AQ takes the stage
Long before Socrates walked the streets of Athens, the philosopher Heraclites said, “The only thing that’s constant is change.” Two thousand some years later, his words have proven truer than ever, as globalisation, technology, and a worldwide pandemic push unexpected, rapid developments and challenges on societies across every continent.
Businesses are only as adaptable as their people, so it’s not surprising that hiring managers, especially in the hospitality industry, are now looking at ways to gauge the adaptability of potential hires – to assess their AQ.
What exactly are IQ, EQ, and AQ?
Of course, before AQ, there was EQ, and before EQ, IQ. What’s the difference, and why do these quotients matter?
IQ, probably the most well-known and well documented, tests intelligence – a specific kind of intelligence: the ability to learn and reason logically. IQ doesn’t measure facts you’ve memorized, but how well you can look at a set of information and make deductions.
EQ, which stands for emotional quotient and deals with emotional intelligence, assesses your ability to recognize and manage your emotions effectively, read others’ emotions, and navigate interactions and relationships with people.
AQ measures the ability to adapt to new situations quickly, see challenges as opportunities, and persevere through difficulties, all of which are highly important as far as hospitality recruitment is concerned, especially in the age of COVID-19.
IQ is important – but it’s not enough
Whereas in the past a high IQ might have sufficed, and though it’s clearly not a bad quality to have today, the skills of deduction and reasoning are not necessarily enough to keep a business afloat. The world is changing too rapidly. A company might have the perfect business model now, but if its leadership and employees aren’t able to adapt to sudden changes in the economy, or customer demands, technology, and globalisation, that company won’t last.
Unfortunately, we’ve seen this amplified over the course of the pandemic. More is needed than cold, hard analytical skills; adaptiveness is the new logic.
Measuring difficult-to-measure qualities
EQ and AQ focus more on soft skills – those that are harder to quantify, but have proven indispensable in navigating a constantly shifting landscape. So, if they’re harder to quantify, how does one measure them?
To evaluate EQ, a potential hire can take a self-assessment, and respond to questions about themselves on a scale (completely agree, somewhat agree, somewhat disagree, completely disagree, for example). Another way to gauge someone’s emotional intelligence is to ask colleagues or friends what they think about that person in a controlled survey.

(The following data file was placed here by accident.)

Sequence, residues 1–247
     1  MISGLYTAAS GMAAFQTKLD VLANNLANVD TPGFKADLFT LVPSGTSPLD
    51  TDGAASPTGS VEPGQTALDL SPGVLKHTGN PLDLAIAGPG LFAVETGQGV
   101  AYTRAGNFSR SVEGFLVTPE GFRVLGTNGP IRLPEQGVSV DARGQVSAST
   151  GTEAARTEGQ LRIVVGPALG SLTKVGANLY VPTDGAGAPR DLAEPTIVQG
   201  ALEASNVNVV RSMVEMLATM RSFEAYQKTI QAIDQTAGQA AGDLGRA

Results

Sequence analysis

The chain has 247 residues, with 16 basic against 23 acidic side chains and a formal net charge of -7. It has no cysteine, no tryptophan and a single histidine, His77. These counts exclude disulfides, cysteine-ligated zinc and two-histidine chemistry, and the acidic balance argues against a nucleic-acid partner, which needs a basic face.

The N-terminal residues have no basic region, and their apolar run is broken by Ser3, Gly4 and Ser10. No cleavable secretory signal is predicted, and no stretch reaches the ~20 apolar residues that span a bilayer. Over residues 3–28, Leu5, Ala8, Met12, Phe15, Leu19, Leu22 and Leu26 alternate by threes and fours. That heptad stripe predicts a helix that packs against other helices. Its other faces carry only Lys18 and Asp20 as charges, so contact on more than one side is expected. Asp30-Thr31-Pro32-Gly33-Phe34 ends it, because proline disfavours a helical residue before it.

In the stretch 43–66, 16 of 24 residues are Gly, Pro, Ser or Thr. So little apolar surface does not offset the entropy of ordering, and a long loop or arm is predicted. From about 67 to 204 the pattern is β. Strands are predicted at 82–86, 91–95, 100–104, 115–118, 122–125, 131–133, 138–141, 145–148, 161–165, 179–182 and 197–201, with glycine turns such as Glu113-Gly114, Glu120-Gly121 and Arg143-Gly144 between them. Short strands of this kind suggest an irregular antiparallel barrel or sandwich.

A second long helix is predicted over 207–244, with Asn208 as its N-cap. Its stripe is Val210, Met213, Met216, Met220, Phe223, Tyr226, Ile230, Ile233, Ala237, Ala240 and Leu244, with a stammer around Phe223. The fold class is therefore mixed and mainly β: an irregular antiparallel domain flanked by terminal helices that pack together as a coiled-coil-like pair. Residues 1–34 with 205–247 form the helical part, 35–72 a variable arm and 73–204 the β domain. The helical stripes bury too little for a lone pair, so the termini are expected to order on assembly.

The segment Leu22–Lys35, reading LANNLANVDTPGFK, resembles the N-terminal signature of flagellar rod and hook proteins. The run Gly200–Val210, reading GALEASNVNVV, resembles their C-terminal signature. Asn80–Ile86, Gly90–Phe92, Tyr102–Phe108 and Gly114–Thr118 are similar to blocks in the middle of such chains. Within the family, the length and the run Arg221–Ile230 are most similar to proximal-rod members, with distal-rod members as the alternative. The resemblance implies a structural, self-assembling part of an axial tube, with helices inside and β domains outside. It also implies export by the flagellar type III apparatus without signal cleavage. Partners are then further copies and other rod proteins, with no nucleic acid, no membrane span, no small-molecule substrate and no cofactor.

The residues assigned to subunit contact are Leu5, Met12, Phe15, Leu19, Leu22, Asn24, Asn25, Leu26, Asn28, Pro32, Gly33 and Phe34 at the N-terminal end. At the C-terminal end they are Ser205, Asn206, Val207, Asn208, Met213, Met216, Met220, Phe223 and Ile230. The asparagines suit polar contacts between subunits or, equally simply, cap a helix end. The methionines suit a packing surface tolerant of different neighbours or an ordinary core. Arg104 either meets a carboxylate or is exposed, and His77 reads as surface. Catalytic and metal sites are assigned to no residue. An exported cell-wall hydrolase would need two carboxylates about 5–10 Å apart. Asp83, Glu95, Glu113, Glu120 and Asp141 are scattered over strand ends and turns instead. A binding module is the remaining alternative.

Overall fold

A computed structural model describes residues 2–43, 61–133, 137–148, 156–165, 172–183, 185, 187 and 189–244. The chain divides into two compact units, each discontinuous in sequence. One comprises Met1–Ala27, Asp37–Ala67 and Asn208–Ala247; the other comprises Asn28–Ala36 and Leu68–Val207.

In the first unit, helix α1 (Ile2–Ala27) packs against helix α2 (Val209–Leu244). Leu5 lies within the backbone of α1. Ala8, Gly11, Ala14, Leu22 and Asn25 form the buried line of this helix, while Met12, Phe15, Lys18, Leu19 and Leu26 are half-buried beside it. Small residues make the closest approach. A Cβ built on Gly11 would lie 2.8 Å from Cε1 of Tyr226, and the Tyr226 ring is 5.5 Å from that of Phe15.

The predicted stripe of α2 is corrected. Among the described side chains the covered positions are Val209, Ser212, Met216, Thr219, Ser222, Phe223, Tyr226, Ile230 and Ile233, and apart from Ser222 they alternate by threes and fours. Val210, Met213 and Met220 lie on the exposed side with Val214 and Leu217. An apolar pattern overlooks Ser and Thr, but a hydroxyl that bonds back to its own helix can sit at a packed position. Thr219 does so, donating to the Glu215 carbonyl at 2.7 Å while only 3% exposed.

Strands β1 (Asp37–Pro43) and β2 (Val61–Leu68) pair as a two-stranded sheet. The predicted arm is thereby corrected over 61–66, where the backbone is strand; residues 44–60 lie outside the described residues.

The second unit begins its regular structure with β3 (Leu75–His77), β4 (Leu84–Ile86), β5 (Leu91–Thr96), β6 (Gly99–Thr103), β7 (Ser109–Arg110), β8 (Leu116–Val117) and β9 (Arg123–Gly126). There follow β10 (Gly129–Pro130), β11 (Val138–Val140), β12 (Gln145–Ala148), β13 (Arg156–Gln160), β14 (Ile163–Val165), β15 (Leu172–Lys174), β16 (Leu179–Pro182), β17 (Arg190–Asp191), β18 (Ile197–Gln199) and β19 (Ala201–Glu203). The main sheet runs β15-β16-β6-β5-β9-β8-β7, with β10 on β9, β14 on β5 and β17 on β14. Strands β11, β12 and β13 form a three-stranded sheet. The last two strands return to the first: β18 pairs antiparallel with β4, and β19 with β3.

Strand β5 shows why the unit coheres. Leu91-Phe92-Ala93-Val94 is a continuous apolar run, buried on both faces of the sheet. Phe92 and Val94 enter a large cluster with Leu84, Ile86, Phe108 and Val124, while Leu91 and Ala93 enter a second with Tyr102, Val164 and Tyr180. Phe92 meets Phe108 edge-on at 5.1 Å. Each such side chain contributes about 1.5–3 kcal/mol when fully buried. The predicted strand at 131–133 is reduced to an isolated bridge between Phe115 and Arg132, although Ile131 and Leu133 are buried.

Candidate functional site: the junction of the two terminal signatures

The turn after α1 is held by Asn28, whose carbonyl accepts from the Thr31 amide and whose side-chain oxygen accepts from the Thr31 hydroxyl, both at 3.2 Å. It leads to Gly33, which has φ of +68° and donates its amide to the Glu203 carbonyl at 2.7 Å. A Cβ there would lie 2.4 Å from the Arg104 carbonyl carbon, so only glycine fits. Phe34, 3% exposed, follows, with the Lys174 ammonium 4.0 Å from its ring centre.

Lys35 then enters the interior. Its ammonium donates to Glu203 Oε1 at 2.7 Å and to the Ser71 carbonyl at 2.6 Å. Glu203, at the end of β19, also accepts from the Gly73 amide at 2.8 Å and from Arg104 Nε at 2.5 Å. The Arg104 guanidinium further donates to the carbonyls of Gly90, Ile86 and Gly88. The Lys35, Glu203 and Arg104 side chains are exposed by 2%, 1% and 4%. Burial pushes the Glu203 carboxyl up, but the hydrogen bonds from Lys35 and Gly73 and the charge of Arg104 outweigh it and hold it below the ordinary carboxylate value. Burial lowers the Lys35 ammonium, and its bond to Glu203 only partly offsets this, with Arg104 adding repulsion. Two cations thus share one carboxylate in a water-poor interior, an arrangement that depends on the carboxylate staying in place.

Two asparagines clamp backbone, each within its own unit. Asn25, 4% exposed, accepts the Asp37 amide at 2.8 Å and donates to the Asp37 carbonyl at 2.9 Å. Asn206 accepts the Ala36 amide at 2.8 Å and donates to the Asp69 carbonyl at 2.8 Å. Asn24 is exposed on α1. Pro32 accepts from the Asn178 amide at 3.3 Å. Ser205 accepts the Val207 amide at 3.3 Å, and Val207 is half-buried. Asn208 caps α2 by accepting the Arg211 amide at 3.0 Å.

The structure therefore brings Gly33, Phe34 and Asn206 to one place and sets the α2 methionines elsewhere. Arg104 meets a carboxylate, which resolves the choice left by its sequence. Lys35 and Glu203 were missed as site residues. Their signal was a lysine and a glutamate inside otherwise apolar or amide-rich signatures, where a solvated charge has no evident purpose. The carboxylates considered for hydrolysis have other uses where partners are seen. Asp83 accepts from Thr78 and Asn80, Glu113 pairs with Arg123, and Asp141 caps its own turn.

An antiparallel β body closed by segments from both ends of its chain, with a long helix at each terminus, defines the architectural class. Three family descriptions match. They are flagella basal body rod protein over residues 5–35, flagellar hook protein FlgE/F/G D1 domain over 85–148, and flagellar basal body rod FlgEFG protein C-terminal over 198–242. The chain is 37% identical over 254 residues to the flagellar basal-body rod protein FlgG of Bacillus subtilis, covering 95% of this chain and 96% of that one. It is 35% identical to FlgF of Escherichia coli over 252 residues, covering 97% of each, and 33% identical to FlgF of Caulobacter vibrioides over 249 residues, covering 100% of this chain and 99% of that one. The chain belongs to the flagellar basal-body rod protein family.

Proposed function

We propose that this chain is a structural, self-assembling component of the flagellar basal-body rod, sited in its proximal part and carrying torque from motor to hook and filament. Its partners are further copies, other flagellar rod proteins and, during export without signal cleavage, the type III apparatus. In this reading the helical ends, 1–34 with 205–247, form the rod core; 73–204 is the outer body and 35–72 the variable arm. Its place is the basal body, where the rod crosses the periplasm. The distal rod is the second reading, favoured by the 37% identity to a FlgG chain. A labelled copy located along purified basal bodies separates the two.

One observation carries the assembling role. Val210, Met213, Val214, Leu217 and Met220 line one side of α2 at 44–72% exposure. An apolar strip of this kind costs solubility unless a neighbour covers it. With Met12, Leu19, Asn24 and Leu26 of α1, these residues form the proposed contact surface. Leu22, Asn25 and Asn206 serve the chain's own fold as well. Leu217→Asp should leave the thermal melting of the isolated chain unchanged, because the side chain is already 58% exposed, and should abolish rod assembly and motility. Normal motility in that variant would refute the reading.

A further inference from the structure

Lastly, the person can look at situations and choose from a set of responses how they think someone would feel in each of them. In hospitality recruitment, being able to read clients and manage one’s own emotions in challenging situations is paramount to hospitality success. But again, is it enough?
Making good choices
AQ, adaptability, is all about choices. Can a person recognize what’s relevant and pressing? Can they look at a situation holistically, from multiple angles and perspectives? Can they move in the right direction once they see the big picture clearly? Can they unlearn what they’ve known when faced with new information? Do they prioritise learning in their everyday life?
How do you measure AQ in a potential candidate, then, when it’s about choices they’ve yet to make? You ask them about the choices they would make in hypothetical situations. According to Natalie Fratto, venture investor, asking what if questions is one of the best ways to determine someone’s AQ.
Can they draw on their creativity when the going gets rough? Can they see roadblocks as opportunities? Can they change directions when it doesn’t make sense to keep moving straight ahead?
Another way to determine AQ is to find out if learning is a routine part of their life. If the person enjoys learning, chances are they enjoy challenging themselves and examining new ways of thinking and understanding the world. If they like exploring, travelling, and can go with the flow, they’ll likely be able to adapt in a work situation as well.
Hire for adaptability
All in all, if you’re looking to hire in hospitality management, it would be good to know how people measure up in each of these quotients: intelligence, emotional awareness, and adaptiveness. Each takes into account a different aspect of a person’s qualities, but if you find someone with a high ability in all three, you’ll have a distinct advantage, as this person will be flexible, intelligent, and compassionate in the choices they make.
They’ll certainly be a merit to your team and workplace.
That said, if you find someone with a high AQ, it’s likely they’ll possess the other qualities as well, because it’s difficult to adapt to varied and complicated situations without a certain level of intellect and emotional cognizance to begin with. The ability to adapt, in the current climate and speed of this ever-morphing world, is really non-negotiable in the hiring landscape.